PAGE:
"Bear" is the name of a big furry dog. He is called "Bear" because he has a head that looks something like a bear's head and a very thick neck like a bear has. He is black all over except for his paws which are white. The first few times I saw Bear he growled at me and frightened me, even though his master was standing right there.
Bear could hunt quite well in the woods. None of the small animals were safe, once he decided to track them down, that is, not until he met "Mr. Porcupine." Bear's strength, his fierce growl and his great hunting ability didn't do him one bit of good when he met the porcupine.
His first scrap with the porcupine was perhaps the most unpleasant. Without the help of his master and the vet, Bear would have died.
Since Bear had never seen a porcupine before, you can probably guess how he went after it ... the wrong way. He pounced on the porcupine and tried to bite him. The porcupine arched its back so that its quills, which come out easily, stuck not only into Bear's nose, cheeks, chin and paws -- they also stuck inside his mouth and even in his throat! Poor Bear!
When his master arrived home, he found Bear whimpering in agony and about as sick as any dog could be. His master got a pair of pliers and pulled out as many quills as he could, but the ones in Bear's throat had to be removed by the vet. The poor dog was in pain for at least another week and had to take medicine so the quill punctures wouldn't get infected.
What do you think Bear did the next time he saw a porcupine? You wouldn't believe it! He went after it again! He didn't attack quite as forcefully as he did the first time, but he still had to go to the animal hospital to have more quills removed and have more medicine. This happened six times before he learned to leave porcupines alone!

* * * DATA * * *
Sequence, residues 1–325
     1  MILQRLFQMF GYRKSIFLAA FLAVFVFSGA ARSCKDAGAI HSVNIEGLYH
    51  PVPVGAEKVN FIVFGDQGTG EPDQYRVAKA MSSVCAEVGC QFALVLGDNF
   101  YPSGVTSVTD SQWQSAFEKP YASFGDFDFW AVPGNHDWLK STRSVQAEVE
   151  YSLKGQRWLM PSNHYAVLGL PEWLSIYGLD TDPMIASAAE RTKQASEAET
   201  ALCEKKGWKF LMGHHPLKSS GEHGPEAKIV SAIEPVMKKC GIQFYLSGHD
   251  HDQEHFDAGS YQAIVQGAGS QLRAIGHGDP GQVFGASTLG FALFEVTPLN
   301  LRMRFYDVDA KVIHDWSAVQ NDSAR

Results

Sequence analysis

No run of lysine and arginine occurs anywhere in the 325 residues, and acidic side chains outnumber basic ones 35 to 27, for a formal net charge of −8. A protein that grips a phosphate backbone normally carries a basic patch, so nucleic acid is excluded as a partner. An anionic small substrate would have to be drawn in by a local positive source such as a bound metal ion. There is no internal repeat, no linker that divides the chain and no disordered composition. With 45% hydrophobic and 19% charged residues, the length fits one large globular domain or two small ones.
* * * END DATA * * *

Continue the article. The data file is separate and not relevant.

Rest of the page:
Doesn't that sound stupid? Perhaps. But you know, boys and girls, we are a lot like Bear. We think we are strong and able and a match for sin and the devil. But just as Bear didn't learn the first time, we don't always learn our lesson right away either, even after we get "stung" by sin.
Bear would have died if his master had not come to his rescue. You and I would die in our sins if the Saviour, the Lord Jesus Christ, had not come to rescue us. The Bible says that "the sting of death is sin" (1 Corinthians 15:56) and that "all have sinned" (Romans 3:23). Satan has "fiery darts," that he hurls at us, and we certainly are no match for sin or Satan. We need a Master, a Saviour who can save us from the awful result of sin. The Lord Jesus died and shed His blood to wash away all our sins. "The blood of Jesus Christ His Son cleanseth us from all sin" (1 John 1:7). Though "the wages of sin is death ... the gift of God is eternal life through Jesus Christ our Lord" (Romans 6:23).
Won't you accept Jesus as your Saviour? Trusting Him gives us a shield to protect us from those fiery darts. The Bible says, "Taking the shield of faith, wherewith ye shall be able to quench all the fiery darts of the wicked" (Ephesians 6:16). Won't you "believe on the Lord Jesus Christ, and ... be saved" (Acts 16:31)?
Copied with permission for WholesomeWords.org from Messages of God's Love published by Bible Truth Publishers.
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